I last read any of Lilly’s books about five years ago and I deliberately refrained from reading these, or any similar books, before undertaking the experiments. I was acutely aware that reading about what the effects of the experience might be could well determine the effects of the experience.

Wednesday, January 26

Every tank at Floatworks is in its own private room, equipped with a shower. The tanks have doors or lids that push open and pull closed very smoothly and easily using air pressure. These are important because I could remember the issues of trust commonly arise as one loses confidence in one’s sense of time passing. The question “have I been abandoned?” can arise.

When I first lay in the tank and closed the door I went through a lengthy period of itching. My attention focused on different parts of my body and was immediately drawn to any minute sensation. The slightest itch would become a magnet for attention.

I then made a conscious attempt to stop this by focusing on silently chanting the mantra I was given forty years ago while being trained in Transcendental Meditation. This worked insofar as I stopped concentrating on my skin, but My attention also kept slipping away from the mantra. I began to have fleeting thoughts that passed rapidly in and out of view. They sped up in a way that felt increasingly uncomfortable until I switched my focus completely and was simply lying in a warm bath.

I found that I could readily switch from one mode or level,of experience to another. I could be a boy in a bath, experiencing floating in a liquid that made sinking impossible. In this mode I looked around and felt like a child at bathtime. I could switch to being intensely aware of surface activity and monitor my skin and hair. I could sink into reveries of fleeting thought. I could drift as though on the edge of sleep. I could switch between these almost at will. More accurately, perhaps, I found that whenever I became bored or uncomfortable I did switch levels, although there were times when I became aware that I was deciding whether to stay with what I was experiencing or switch.

There were three or four points today when I felt that I had had enough. I remember feeling that surely three hours must have passed by now. This was accompanied by some seemingly sensible part of me demanding to get out and get on with something more ‘important’. Is seemed brought on by my failure to have coherent trains of thought of any length. I was unable to concentrate on tasks like thinking through the structure and phrasing of the introduction to my thesis. Completely irrelevant thoughts would rapidly rise up and then trigger further thoughts that were irrelevant to them. At times, when I was making a deliberate effort to concentrate on one topic, this proved frustrating.

I then realised that the process of ‘thinking’ in the tank was more nearly an emotional process of association rAther than logic. That at least was what I had experienced so far.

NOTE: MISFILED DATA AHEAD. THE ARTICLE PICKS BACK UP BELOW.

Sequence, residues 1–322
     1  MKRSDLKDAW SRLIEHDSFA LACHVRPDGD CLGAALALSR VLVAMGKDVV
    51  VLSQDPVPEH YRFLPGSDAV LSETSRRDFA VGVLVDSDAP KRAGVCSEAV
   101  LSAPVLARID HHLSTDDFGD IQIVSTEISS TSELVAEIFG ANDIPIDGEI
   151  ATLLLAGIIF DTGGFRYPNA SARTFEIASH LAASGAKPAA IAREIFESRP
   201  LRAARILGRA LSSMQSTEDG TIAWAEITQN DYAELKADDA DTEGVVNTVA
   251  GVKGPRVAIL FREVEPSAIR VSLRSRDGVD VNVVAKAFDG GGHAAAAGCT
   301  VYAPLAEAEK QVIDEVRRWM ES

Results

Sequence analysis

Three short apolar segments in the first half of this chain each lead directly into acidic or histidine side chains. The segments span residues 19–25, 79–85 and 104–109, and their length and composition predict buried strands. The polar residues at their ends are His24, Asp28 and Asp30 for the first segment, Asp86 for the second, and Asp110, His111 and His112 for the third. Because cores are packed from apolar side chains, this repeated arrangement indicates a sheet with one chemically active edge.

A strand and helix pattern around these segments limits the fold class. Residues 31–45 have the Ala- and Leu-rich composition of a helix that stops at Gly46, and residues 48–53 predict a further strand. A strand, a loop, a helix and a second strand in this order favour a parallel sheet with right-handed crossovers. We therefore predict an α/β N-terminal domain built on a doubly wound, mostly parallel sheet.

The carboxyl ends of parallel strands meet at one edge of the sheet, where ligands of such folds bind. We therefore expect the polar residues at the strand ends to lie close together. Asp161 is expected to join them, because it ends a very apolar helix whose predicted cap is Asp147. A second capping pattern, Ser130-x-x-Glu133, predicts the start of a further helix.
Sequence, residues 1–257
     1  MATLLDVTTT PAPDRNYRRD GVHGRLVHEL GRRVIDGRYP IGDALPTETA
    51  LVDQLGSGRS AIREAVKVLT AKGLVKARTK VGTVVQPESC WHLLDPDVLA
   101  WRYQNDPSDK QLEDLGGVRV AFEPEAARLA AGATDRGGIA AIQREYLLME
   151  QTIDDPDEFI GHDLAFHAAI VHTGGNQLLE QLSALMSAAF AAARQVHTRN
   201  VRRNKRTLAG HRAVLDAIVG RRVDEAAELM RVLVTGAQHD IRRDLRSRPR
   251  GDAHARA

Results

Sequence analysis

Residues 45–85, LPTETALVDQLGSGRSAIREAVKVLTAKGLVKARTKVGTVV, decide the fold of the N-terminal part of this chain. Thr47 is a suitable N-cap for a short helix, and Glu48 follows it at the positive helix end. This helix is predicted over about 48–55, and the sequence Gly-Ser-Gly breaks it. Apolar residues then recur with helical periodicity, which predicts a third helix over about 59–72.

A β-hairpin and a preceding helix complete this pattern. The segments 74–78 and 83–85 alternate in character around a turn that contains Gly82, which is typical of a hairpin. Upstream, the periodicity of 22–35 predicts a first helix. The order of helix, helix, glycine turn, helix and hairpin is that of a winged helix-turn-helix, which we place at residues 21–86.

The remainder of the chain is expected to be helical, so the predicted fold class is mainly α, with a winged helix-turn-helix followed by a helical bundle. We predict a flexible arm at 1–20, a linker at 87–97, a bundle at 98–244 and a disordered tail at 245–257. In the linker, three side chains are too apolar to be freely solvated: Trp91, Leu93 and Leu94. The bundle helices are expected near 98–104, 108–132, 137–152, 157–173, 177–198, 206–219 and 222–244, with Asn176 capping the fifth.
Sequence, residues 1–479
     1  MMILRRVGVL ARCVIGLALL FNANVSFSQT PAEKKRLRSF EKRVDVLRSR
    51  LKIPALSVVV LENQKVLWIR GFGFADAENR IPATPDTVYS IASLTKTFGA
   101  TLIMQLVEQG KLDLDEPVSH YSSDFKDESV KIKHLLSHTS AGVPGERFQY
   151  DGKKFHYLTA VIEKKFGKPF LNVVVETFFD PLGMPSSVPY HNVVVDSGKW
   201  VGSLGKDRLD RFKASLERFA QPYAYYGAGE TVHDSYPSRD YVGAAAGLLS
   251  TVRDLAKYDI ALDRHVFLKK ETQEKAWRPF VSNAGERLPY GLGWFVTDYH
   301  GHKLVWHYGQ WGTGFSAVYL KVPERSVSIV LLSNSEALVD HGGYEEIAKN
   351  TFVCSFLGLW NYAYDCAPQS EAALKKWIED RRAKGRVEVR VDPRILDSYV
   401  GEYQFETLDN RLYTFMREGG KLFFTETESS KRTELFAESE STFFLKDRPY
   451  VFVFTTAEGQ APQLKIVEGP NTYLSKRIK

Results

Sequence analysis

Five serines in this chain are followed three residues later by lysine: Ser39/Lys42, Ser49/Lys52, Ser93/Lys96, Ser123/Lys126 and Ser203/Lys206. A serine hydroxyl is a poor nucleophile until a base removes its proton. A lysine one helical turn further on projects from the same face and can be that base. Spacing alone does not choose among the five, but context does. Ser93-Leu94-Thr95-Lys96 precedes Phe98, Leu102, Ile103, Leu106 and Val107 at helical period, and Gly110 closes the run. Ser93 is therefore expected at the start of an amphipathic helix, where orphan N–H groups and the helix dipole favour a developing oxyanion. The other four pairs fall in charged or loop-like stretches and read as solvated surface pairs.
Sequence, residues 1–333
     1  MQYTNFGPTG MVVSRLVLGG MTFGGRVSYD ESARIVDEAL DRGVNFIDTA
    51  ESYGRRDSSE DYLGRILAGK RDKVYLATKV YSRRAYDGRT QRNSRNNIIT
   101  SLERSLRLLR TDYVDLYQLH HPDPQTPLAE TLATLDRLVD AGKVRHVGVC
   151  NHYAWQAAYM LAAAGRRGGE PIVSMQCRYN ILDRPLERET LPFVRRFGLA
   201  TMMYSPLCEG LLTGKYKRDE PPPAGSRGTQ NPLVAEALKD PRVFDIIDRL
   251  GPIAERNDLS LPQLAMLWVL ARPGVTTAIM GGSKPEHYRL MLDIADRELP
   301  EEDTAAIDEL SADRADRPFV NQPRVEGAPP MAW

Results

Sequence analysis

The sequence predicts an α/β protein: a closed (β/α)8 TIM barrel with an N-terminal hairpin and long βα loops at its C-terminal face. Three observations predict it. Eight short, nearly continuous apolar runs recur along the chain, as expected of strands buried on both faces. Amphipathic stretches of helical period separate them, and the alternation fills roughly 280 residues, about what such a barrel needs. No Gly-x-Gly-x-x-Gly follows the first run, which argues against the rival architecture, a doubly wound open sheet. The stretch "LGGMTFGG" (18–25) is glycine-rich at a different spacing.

I resigned myself to this and, in what I assume was the ,last hour, three unexpected and useful ideas popped into my head without warning. They came and went but I was able to remember them later. They felt as though they rose to the surface and then slowly sank again.

The end of the session was signalled by natural sounds (waves and birdsong) being piped into the tank at a slowly increasing volume. At the beginning I could not tell if I was imagining it or not.

When I opened the tank and stood up I felt very unsteady in a pleasant way. I felt as though I was “coming round”, a feeling I remember waking up from having my gall-bladder removed. I certainly felt no stress as I wobbled towards the shower. Afterwards I felt wonderfully serene.

Thursday, January 27

This morning began in a similar way to yesterday, in that I went through a period of itching and found myself scratching my ears and knees and back. There was an immediate difference though because I knew how yesterday ended. I knew that, by the end, the three hours had felt worth it, and that I had had changing experiences throughout the time. I found myself reflecting on this, in a scattered daydreaming way, shortly after closing the lid.

Now that I had experienced one way of what it could be like the question “what will it be like?” no longer applied and a meditation around this idea became the subject of a lengthy conversation. Yesterday I had found it impossible to construct lengthy chains of abstract rational thought: to plan the structure of my thesis, for example, or to draw up a detailed task list for the experiments I have planned for the spring. Today I found that it was possible to have lengthy conversations provided that the conversations were allowed to move from topic to topic and back again. I also realised that this is how yesterdays ideas had originated.

I experimented with starting imaginary conversations with people I know and just seeing where they went; and, importantly, not being concerned one way or the other whether they were profound or trivial. This felt close to the dreaming or fantasising that occurs as you drift into or drift out of sleep. At those times I often have dreams in which I am aware that I am dreaming and aware that I can control the direction of the dream events if I will myself too; and aware that this might end the dream.

At one point I was having an argument with a friend about the consequences of Dennett’s multiple draft theory of consciousness, and losing, when the argument faded and an insight bubbled to the surface, and I realised that I had misunderstood something and that I knew both what I had misunderstood and the (beneficial) consequences of understanding it properly. In other words, a completely coherent set of interlocking ideas (ideas that drew together a newly understood passage of Dennett’s with other aspects of my reading, thinking and doing) had sneaked into my mind by a side door and presented themselves unasked.